This video first ran in January 2012.
Adrian Lund: The Insurance Institute for Highway Safety is recognizing a record number of cars, SUVs, minivans, and pickups with top safety pick awards for 2012. When the Insurance Institute for Highway Safety launched the Top Safety Pick Award for crash test performance back in 2005, only eleven models made that initial cut.
Now consumers have more than 100 models to choose from and the requirement to win the top safety pick are much tougher than they were back in 2005.
In 2010 we added a roof strength test. In response manufacturers stepped up to the plate; they redesigned the roofs and made big strides in offering better roll over protection to their occupants.
A big change this year is to the electronic stability control. We used to require electronic stability control in order to win the top safety pick, but now it’s standard on all vehicles. Auto makers moved quickly to put stability control on vehicles when research showed it’s a life saver.
Every major auto maker has at least one winner this year. Subaru’s a stand out because it’s the only auto maker that earns the award for every model it builds.
Honda deserves credit for making the most improvements. They upgraded the roofs of ten Honda and Acura models that missed the award last year only because of the roll over protection.
Two of the most popular mid-sized cars didn’t make the top safety pick list last year. But the Honda Accord earns the award this year after engineers strengthened the roof structure.
And a Toyota Camry makes the list for ever with seat and head restraint ratings that have improved from marginal to good.
Vehicles should be designed so that the occupant compartment where the people sit stays intact even in serious crashes. It’s packaging 101: If the box doesn’t collapse then the cargo that’s inside is better protected.
Auto makers recognize that safety is a big selling point. That’s why they are engineering their vehicles to earn the highest crash test rating from the Insurance Institute of Highway Safety
The winners’ circle includes 18 new recipients for 2012, while 97 models that previously qualified for the 2011 award carry over to 2012.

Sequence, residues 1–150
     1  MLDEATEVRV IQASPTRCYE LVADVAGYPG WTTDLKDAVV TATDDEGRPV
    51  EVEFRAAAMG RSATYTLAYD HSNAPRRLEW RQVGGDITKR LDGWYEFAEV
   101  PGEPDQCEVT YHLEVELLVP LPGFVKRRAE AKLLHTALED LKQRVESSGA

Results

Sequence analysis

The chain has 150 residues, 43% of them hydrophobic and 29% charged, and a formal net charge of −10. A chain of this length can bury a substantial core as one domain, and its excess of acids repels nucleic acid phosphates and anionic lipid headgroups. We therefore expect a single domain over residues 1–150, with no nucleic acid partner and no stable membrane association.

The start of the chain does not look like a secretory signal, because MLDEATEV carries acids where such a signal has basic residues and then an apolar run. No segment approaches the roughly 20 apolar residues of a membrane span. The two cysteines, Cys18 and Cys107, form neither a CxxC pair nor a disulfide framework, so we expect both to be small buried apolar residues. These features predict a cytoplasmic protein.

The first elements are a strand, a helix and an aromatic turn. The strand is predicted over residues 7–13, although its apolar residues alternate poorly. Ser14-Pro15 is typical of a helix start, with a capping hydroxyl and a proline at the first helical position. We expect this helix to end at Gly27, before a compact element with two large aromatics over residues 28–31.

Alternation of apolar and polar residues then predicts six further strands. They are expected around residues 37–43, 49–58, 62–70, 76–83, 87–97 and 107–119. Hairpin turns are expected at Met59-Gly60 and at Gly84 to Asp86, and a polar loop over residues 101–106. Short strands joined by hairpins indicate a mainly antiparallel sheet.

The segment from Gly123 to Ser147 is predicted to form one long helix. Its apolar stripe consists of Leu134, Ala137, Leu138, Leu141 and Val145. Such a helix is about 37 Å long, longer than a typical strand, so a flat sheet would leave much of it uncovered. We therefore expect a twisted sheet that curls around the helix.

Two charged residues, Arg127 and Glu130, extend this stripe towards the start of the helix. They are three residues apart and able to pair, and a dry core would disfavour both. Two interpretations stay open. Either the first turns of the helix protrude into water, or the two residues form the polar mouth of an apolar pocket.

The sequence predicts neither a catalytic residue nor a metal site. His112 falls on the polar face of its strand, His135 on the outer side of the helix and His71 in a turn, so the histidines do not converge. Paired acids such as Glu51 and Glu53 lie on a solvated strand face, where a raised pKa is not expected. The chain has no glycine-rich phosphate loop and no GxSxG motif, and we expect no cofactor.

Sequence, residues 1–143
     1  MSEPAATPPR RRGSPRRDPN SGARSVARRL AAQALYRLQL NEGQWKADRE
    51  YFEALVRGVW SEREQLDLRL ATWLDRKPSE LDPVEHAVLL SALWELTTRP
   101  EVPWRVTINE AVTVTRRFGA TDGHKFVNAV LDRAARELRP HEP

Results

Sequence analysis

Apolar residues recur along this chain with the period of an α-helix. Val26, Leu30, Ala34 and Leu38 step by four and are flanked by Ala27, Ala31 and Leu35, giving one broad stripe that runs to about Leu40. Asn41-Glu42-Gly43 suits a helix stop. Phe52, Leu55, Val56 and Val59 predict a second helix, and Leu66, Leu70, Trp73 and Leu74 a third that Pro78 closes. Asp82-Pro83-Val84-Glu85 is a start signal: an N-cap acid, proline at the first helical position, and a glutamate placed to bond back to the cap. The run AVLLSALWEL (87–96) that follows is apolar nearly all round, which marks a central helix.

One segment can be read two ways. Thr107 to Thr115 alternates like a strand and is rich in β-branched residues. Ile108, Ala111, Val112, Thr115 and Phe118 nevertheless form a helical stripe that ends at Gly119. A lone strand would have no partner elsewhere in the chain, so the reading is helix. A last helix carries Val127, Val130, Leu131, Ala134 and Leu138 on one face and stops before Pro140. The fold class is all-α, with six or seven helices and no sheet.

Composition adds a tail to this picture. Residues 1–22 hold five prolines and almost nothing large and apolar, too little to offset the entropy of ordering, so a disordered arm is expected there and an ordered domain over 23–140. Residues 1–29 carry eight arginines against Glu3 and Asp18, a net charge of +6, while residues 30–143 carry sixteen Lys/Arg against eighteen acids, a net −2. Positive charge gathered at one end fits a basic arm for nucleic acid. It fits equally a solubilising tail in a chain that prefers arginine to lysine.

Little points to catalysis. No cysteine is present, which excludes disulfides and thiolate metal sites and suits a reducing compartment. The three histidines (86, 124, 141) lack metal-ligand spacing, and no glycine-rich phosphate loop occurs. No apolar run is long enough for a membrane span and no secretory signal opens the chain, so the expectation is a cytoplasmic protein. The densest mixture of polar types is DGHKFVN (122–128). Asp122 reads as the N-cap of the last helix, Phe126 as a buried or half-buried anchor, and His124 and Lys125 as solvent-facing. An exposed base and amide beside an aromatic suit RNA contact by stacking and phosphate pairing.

Toyota/Lexus/Scion has 15 winners for 2012, more than any other auto manufacturer. General Motors is next in line with 14, followed by Volkswagen/Audi with 13, and Ford/Lincoln and Honda/Acura with 12 awards apiece.
ALL 115 WINNERS (red indicates newly-announced winners for 2012)
Fiat 500 built after July 2011
Ford Fiesta sedan and hatchback
Toyota Yaris 4-door hatchback
Honda Civic 4-door
Kia Forte sedan
Lexus CT 200h
Mazda 3 sedan and hatchback
Mini Cooper Countryman
Mitsubishi Lancer except Ralliart and Evolution
Subaru Impreza except WRX
Volkswagen Golf 4-door
Volkswagen GTI 4-door
Midsize moderately priced cars
Chrysler 200 4-door
Toyota Prius v
Volkswagen Jetta sedan
Volkswagen Jetta SportWagen
Midsize luxury/near luxury cars
Acura TL built after September 2011
Acura TSX sedan and hatchback
Volkswagen CC except 4-wheel drive
Large family cars
Large luxury cars
BMW 5 series except 4-wheel drive and V8
Cadillac CTS sedan
Infiniti M37/M56 except M56x 4-wheel drive
Mercedes E-Class sedan
Mercedes E-Class coupe
Jeep Patriot with optional side torso airbags
Hyundai Santa Fe
Jeep Grand Cherokee
Midsize luxury SUVs
Chrysler Town & Country
Dodge Grand Caravan
Ford F-150 crew cab models
Toyota Tundra crew cab models
How vehicles are evaluated: The Institute’s frontal crashworthiness evaluations are based on results of 40 mph frontal offset crash tests. Each vehicle’s overall evaluation is based on measurements of intrusion into the occupant compartment, injury measures recorded on a 50th percentile male Hybrid III dummy in the driver seat, and analysis of slow-motion film to assess how well the restraint system controlled dummy movement during the test.
Side evaluations are based on performance in a crash test in which the side of a vehicle is struck by a barrier moving at 31 mph. The barrier represents the front end of a pickup or SUV. Ratings reflect injury measures recorded on 2 instrumented SID-IIs dummies representing a 5th percentile woman, assessment of head protection countermeasures, and the vehicle’s structural performance during the impact.
In the roof strength test, a metal plate is pushed against 1 side of a roof at a displacement rate of 0.2 inch per second. To earn a good rating for rollover protection, the roof must withstand a force of 4 times the vehicle’s weight before reaching 5 inches of crush. This is called a strength-to-weight ratio.
Rear crash protection is rated according to a 2-step procedure. Starting points for the ratings are measurements of head restraint geometry — the height of a restraint and its horizontal distance behind the back of the head of an average-size man.
Seat/head restraints with good or acceptable geometry are tested dynamically using a dummy that measures forces on the neck. This test simulates a collision in which a stationary vehicle is struck in the rear at 20 mph. Seats without good or acceptable geometry are rated poor overall because they can’t be positioned to protect many people.